How will this play in Peoria?: Rob Thomas of Matchbox Twenty has been through a few strange places on his way up

By Dan Rowe, The Vancouver Sun (British Columbia, Canada)

Poor Rob Thomas. You would think the lead singer of Matchbox Twenty and a Grammy winner for writing and singing Smooth, the hook-heavy hit that dredged the career of Latino guitar-god Carlos Santana out of classic rock radio heavy rotation and into the MuchMoreMusic spotlight, would be happy to finally have a day off.

In the middle of a long North American tour -- the band and Sugar Ray (apparently, they're still around) stop at GM Place on June 4 -- to spend with his wife, model Marisol Maldonado.

The problem is they were in Peoria, Ill. on Memorial Day, and what little there was to do, Thomas says, was shut down.

Plus, the hotel the band checked into was so nasty, he was actually going to retreat to the bus. There, at least, they knew the source of the dirt, Thomas says.

"It's pretty bad when you're saying, 'God, I wish we had have just stayed in Columbus [Ohio],' " he said during a phone interview with The Sun.

Listening to a rock star griping borders on insufferable for most mere mortals, but Thomas' road to the top was indeed a long one that included a lot of gigs at frat houses in the southeastern United States, a horrible fate that might only be topped by playing fraternities in the southwest part of the country.

He left home in South Carolina, pretty much for good, at the age of 17, in an effort to become a rock star. Thomas has alternatively referred to himself as a "vagabond musician" and a "vampire gypsy" during this stretch in the early 1990s.

Either way, he spent a lot of time writing songs and when Matchbox 20, as it was then expressed, was put together, it was purely a vehicle for Thomas' songwriting.

"The first record we did because I had a bunch of songs. There was never any question."

That 1996 release, Yourself or Someone Like You, was a huge hit and put Thomas' skills as a songwriter in demand. Beyond the famous Santana collaboration, he has since contributed a tune (Visions of Paradise) to Mick Jagger's lamented 2001 solo job, Goddess in the Doorway.

"With Mick Jagger, I knew I was going to work with Mick so I kind of started writing ideas based on him," Thomas said.

His collaboration with Willie Nelson happened more by chance.

"I didn't write it [Maria (Shut Up and Kiss Me)] for Willie, but as soon as I wrote it my wife said, 'You should call up Willie Nelson. This would be a great Willie Nelson song.'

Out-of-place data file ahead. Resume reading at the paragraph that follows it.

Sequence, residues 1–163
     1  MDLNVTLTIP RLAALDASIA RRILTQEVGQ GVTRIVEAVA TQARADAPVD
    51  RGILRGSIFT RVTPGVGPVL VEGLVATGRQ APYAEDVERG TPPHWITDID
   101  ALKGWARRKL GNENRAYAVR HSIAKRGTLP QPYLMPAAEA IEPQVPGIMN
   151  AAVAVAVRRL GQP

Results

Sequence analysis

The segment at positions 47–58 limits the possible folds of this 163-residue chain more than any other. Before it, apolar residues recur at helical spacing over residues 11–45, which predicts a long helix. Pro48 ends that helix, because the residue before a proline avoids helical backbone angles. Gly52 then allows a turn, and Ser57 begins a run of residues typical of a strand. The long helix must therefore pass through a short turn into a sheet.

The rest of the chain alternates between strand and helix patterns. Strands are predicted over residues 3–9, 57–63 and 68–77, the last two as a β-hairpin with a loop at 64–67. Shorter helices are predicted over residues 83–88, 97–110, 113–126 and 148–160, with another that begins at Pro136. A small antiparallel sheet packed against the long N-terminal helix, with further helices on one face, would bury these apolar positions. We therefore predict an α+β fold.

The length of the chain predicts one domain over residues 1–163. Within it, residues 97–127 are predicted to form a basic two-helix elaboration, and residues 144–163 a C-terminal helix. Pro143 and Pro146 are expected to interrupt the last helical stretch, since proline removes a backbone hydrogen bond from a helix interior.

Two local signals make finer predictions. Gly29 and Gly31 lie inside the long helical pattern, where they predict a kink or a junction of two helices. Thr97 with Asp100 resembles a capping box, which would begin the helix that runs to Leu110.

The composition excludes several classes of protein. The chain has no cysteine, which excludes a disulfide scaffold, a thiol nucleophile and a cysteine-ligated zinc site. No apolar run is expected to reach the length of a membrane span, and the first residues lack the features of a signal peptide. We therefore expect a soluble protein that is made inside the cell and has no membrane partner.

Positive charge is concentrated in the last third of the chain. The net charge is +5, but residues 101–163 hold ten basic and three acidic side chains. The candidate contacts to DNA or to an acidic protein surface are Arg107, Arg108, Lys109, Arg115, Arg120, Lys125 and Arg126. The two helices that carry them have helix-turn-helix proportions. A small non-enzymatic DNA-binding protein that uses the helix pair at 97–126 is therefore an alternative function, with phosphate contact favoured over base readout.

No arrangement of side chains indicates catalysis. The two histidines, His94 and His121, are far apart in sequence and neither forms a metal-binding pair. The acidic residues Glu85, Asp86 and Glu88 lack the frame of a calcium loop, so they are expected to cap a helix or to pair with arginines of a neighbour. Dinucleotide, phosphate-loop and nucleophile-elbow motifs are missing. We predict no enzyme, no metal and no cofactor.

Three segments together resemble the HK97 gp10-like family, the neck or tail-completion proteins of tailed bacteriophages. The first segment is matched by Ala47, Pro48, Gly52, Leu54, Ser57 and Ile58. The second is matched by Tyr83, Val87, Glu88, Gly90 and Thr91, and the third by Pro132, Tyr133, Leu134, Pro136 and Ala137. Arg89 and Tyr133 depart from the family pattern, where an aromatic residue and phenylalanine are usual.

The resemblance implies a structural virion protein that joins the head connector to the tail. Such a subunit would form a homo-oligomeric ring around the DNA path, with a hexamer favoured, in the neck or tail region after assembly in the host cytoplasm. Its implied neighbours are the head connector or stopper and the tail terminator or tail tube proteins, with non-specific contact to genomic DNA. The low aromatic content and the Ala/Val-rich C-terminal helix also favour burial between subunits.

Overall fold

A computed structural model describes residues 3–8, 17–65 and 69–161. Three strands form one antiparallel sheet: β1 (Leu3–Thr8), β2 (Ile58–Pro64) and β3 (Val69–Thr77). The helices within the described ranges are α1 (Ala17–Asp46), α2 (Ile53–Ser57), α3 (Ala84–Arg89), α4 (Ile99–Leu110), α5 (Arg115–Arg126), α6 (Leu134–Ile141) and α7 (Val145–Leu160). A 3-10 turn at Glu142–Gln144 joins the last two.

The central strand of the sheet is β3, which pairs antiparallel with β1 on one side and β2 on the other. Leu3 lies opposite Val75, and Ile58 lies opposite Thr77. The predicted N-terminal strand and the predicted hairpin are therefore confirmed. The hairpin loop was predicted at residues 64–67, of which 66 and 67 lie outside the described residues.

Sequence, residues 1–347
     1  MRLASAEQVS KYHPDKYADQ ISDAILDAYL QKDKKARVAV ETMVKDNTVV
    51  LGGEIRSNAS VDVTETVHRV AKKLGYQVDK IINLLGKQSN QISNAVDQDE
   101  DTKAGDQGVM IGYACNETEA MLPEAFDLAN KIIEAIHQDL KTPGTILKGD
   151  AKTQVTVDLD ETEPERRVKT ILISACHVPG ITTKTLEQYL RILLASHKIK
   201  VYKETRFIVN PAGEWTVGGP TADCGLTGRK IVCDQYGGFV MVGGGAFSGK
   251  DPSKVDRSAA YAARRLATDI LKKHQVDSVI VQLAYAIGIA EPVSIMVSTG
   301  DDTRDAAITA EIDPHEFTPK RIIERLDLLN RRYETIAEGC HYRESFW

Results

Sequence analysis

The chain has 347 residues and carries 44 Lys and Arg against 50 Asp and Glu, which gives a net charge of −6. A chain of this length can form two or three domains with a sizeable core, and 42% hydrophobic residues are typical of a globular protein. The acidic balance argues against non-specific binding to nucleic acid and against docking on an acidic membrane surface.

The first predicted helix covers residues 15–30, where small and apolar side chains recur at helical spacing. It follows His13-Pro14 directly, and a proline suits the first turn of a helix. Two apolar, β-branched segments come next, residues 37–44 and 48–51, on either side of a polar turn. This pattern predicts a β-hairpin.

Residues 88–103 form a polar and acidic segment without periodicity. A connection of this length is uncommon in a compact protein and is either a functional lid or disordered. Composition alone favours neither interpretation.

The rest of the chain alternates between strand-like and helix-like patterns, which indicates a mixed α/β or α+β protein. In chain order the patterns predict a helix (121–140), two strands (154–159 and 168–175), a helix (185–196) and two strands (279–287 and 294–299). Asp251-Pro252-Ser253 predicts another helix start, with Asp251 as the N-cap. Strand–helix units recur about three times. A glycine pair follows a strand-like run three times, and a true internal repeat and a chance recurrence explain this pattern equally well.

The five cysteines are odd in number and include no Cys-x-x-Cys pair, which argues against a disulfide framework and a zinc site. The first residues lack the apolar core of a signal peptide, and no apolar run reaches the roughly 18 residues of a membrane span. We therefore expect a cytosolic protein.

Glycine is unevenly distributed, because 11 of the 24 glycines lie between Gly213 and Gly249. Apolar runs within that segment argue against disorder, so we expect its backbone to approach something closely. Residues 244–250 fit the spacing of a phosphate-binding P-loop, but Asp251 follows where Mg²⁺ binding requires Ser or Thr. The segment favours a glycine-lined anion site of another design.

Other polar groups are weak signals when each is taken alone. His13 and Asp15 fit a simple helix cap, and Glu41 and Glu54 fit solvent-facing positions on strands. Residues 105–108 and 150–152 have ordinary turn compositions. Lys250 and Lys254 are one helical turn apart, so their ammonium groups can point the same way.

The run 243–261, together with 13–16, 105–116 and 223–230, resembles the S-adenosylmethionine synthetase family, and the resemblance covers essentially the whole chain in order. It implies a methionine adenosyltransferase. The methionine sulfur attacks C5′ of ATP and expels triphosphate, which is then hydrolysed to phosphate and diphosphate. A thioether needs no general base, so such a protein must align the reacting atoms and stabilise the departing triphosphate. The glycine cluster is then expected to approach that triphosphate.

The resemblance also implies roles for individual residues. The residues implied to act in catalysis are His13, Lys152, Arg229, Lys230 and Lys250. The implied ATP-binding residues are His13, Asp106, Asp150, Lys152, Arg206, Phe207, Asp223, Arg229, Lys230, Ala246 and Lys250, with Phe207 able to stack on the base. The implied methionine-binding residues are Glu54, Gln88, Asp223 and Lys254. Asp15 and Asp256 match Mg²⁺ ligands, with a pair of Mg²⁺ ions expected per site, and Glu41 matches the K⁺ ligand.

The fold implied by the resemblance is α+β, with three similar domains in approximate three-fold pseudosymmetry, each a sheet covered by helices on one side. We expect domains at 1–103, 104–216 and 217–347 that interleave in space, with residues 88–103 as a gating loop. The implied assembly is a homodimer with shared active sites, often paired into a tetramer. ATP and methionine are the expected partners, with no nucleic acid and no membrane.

"A year and a half later it wound up being on his record," he said.

Thomas even wrote a song that turned up on the latest record from popster Pink.

All this time to write for other people might be the result of the more collaborative effort of Matchbox Twenty on their new record, More Than You Think You Are.

"For the first time, there were a few songs that me and Paul [Doucette, the drummer] and Kyle [Cook, the guitarist] wrote. There's a song on here that our drummer wrote that he was working on for his solo album," Thomas said.

"In all honesty, the guys have become a lot better writers over the last few years."

Thomas concedes he, too, has been changing over the years, especially as a vocalist.

"Listening to the first record, I sound like this little southern guy. I never realized it," he said.

More troubling to him is that the people who approach him by singing his own songs back to him tend to sound horribly similar to Creed frontman Scott Stapp. And even Thomas doesn't want that.

Recorded at the famed Bearsville Studios in upstate New York, the band wanted their third release to have a different sound from the last release, Mad Season, which Thomas says was intended to sound over-produced.

"We liked the way Mad Season sounded live, as opposed to on the album. There was a raw quality, much more space to it. What we wanted to do was give [More Than You Think You Are] more space and sound a lot more live than anything we had done before," he said.

"I think this is the happiest we've been with the outcome of a record."

There is always more to do, though. With a day to kill in Peoria, Thomas will use the opportunity to get some writing done.

"It's hard to tap into your self-conscience while there's people running around talking to you. So days off are really good for that."

Chances are the songs he is writing now will play very well in Peoria in the near future.